IMO, it's not a question of what's easier. It's all about what's feasible. It was feasible for the emperors to institute a pax Romana because a majority of Rome's enemies were pacified by the time they were in power. Thus, the emperors were given the opportunity to concentrate on areas of governing other than military. The Senate couldn't have done it because they were too busy trying to make Rome a safe place by fighting its enemies. The George Bush analogy fully applies. The whole meaning behind it is giving somebody credit for something someone else achieved. No huge Roman empire with pacified enemies = no Pax Romana.

 

Granted, the Senate didn't physically pass the laws and institute the change that brought the pax romana. So yes, going off of that fact alone you are right. But 400 years of senate rule definitely facilitated its birth. If you don't believe that than imagine for me if you will the following.

 

Rome only has in her possession Central and southern Italy when an emperor takes over. Carthaginians are still a threat. Gauls are still a threat. Spain is still a threat. Greeks, Macedonians, the Ptolemy's, Parthia, Dacia, Thrace etc. Can you honestly tell me that the emperors would've been able to pacify all these nations and institute a Pax Romana. No way. They could've, but it would've been for a much smaller Roman Empire, which we today would probably have called the Kingdom of Rome. But that wouldn't have worked either. Rome's conquests were as much to eliminate threats to its existence as it was for greedy expansionism. No, the Emperors of this small Rome would've had to fight. Leaving less time and money to institute needed changes. With the drastic swell of land, money and power, the emperors would've fell victim to the same corruption that brought an end to Senate rule. The Senate at least should get some share of the credit for it.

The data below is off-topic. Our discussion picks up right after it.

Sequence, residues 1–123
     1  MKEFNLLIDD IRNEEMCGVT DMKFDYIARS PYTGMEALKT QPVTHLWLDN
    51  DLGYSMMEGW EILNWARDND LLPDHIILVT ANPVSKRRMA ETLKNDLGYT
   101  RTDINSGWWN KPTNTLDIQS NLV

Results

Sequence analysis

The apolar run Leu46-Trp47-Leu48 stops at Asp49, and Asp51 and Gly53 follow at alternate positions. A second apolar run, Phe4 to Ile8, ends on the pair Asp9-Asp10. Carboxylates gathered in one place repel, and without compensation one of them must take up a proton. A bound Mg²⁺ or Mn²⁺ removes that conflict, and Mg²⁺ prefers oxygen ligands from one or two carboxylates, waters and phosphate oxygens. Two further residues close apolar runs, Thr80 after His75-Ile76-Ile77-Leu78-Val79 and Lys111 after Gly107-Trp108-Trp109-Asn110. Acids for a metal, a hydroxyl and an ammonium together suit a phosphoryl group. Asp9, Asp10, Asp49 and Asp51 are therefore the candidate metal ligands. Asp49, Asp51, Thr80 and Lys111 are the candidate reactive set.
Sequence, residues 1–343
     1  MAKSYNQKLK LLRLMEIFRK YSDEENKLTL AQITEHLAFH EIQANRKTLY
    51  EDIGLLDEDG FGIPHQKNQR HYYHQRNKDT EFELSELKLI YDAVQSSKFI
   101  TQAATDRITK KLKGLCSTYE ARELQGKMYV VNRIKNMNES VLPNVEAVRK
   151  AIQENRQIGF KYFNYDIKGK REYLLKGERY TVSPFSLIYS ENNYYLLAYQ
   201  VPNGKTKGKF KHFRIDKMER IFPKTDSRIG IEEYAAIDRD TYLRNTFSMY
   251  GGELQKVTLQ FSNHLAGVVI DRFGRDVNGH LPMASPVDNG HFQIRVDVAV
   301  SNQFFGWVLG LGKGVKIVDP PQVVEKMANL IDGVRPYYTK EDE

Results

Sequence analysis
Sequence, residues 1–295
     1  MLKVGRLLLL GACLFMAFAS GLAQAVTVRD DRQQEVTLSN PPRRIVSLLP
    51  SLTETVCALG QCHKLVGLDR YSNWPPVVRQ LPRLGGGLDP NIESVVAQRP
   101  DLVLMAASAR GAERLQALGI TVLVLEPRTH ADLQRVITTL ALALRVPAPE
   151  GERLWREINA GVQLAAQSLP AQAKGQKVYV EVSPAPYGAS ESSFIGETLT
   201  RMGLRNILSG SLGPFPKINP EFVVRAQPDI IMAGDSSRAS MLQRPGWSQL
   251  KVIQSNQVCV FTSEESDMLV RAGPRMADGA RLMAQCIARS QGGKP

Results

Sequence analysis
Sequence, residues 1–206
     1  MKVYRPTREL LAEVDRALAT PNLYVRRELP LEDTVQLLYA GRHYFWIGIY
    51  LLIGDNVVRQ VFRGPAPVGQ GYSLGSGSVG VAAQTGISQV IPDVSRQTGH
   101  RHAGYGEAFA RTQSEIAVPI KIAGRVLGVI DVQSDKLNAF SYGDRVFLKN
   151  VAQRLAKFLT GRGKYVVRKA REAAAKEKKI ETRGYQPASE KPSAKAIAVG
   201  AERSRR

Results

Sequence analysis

Concerning the part of your post where you mentioned "lasting peace". That was never accomplished anyway. I just took a quick look at the battle index. During the Pax Romana I found that the longest drought of battles occured between 117-166AD. 49 years is the longest stretch of peace I could find. And I'm fully sure if one were to dig really deep into Roman history you'd still find accounts of maybe border skirmishes with some nation. Other than that there was 16-50 AD, 70AD-84AD and 89-101. But battles occured at least every 10 or so years in between these. Not only is lasting peace not easy to achieve, it is impossible. It'll never happen unfortunately.

 

I leave you the last word. This could go on forever. It's been interesting though.

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Sorry, I think we were cross-posting again.

 

The Senate at least should get some share of the credit for it.

 

Yes, the Senate does get some and in my view deserves most of the credit for Rome's conquests. But what the Republic created so successfully in its first four centuries had simply grown beyond the Senate's abilty to govern in the fifth -- and understandably so. The fact that the emperors "inherited" vast territories that were conquered during the Republic says little about the relative challenges involved in creating the Pax. Question: what is the greater challenge: to conquer Judaea or to govern Judaea? Or, perhaps a more pointed example: what is more difficult, to defeat the Visigoths or try to control/contain them? Or another: to conquer or to defend Armenia -- or Upper Germany? Etc.

 

In my mind's eye I find myself imagining a scene immediately following Actium in which Octavian turns to Agrippa with a shrug and says: "Now for the hard part." Two young men who knew what lay ahead.

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Those arguiing for JC have not yet shown me a different definition of the word tyrant that would make me believe he wasn't one

 

 

The Oxford English dictionary describes a Tyrant as an "Oppressive or cruel ruler". I don't see Caesar as either of these, he was known for his clemency and his passion for making enemies converts to his cause.

 

Majority ruled in Rome

 

 

In my opinion, majority never ruled in the Roman republic. In fact, whenever it tried to, it's representatives were cruelly (ala tyranny) cut down by the ruling minorities hirelings - nor was it a Democracy as we would now describe one. That is if you believe that by Caesars time there were any true, majority elected Tribunes in office, most by that stage were bribed into office by wealthy senators to use as their tools.